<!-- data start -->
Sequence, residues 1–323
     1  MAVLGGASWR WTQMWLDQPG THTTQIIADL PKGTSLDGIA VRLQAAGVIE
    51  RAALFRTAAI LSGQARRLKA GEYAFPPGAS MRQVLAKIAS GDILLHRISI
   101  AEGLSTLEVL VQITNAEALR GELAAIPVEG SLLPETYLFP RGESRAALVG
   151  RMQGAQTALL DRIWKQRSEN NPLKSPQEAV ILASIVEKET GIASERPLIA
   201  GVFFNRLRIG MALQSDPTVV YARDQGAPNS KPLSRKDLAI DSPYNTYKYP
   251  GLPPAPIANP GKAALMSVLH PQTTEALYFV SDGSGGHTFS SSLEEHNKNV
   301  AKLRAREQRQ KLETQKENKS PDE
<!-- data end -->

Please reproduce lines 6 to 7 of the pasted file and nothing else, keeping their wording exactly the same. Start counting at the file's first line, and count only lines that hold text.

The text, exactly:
   201  GVFFNRLRIG MALQSDPTVV YARDQGAPNS KPLSRKDLAI DSPYNTYKYP
   251  GLPPAPIANP GKAALMSVLH PQTTEALYFV SDGSGGHTFS SSLEEHNKNV